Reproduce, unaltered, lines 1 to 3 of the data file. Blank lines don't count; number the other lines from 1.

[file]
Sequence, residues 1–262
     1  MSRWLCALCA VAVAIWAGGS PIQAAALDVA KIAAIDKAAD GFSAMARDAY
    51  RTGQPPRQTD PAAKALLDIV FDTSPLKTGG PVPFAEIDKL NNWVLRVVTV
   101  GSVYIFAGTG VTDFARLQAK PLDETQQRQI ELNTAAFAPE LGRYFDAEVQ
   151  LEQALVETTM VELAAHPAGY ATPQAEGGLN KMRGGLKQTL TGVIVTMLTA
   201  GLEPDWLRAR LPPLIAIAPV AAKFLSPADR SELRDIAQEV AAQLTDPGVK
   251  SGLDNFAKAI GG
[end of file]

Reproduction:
Sequence, residues 1–262
     1  MSRWLCALCA VAVAIWAGGS PIQAAALDVA KIAAIDKAAD GFSAMARDAY
    51  RTGQPPRQTD PAAKALLDIV FDTSPLKTGG PVPFAEIDKL NNWVLRVVTV